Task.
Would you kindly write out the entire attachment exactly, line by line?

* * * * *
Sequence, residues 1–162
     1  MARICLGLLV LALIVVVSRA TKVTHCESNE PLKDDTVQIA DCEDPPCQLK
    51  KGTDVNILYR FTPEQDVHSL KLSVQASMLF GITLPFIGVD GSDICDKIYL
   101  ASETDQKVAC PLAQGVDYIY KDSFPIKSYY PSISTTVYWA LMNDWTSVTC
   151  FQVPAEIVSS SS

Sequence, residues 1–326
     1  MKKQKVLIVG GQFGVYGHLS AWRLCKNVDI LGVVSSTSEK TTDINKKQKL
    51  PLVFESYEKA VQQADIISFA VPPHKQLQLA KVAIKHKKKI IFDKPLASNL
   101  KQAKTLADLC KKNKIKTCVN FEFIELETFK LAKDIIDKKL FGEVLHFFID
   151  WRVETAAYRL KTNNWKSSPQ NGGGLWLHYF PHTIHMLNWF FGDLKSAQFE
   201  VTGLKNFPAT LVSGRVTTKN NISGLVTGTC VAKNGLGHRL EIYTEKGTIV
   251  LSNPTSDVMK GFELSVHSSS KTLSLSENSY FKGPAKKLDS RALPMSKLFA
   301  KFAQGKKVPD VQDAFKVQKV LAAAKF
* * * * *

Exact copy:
Sequence, residues 1–162
     1  MARICLGLLV LALIVVVSRA TKVTHCESNE PLKDDTVQIA DCEDPPCQLK
    51  KGTDVNILYR FTPEQDVHSL KLSVQASMLF GITLPFIGVD GSDICDKIYL
   101  ASETDQKVAC PLAQGVDYIY KDSFPIKSYY PSISTTVYWA LMNDWTSVTC
   151  FQVPAEIVSS SS

Sequence, residues 1–326
     1  MKKQKVLIVG GQFGVYGHLS AWRLCKNVDI LGVVSSTSEK TTDINKKQKL
    51  PLVFESYEKA VQQADIISFA VPPHKQLQLA KVAIKHKKKI IFDKPLASNL
   101  KQAKTLADLC KKNKIKTCVN FEFIELETFK LAKDIIDKKL FGEVLHFFID
   151  WRVETAAYRL KTNNWKSSPQ NGGGLWLHYF PHTIHMLNWF FGDLKSAQFE
   201  VTGLKNFPAT LVSGRVTTKN NISGLVTGTC VAKNGLGHRL EIYTEKGTIV
   251  LSNPTSDVMK GFELSVHSSS KTLSLSENSY FKGPAKKLDS RALPMSKLFA
   301  KFAQGKKVPD VQDAFKVQKV LAAAKF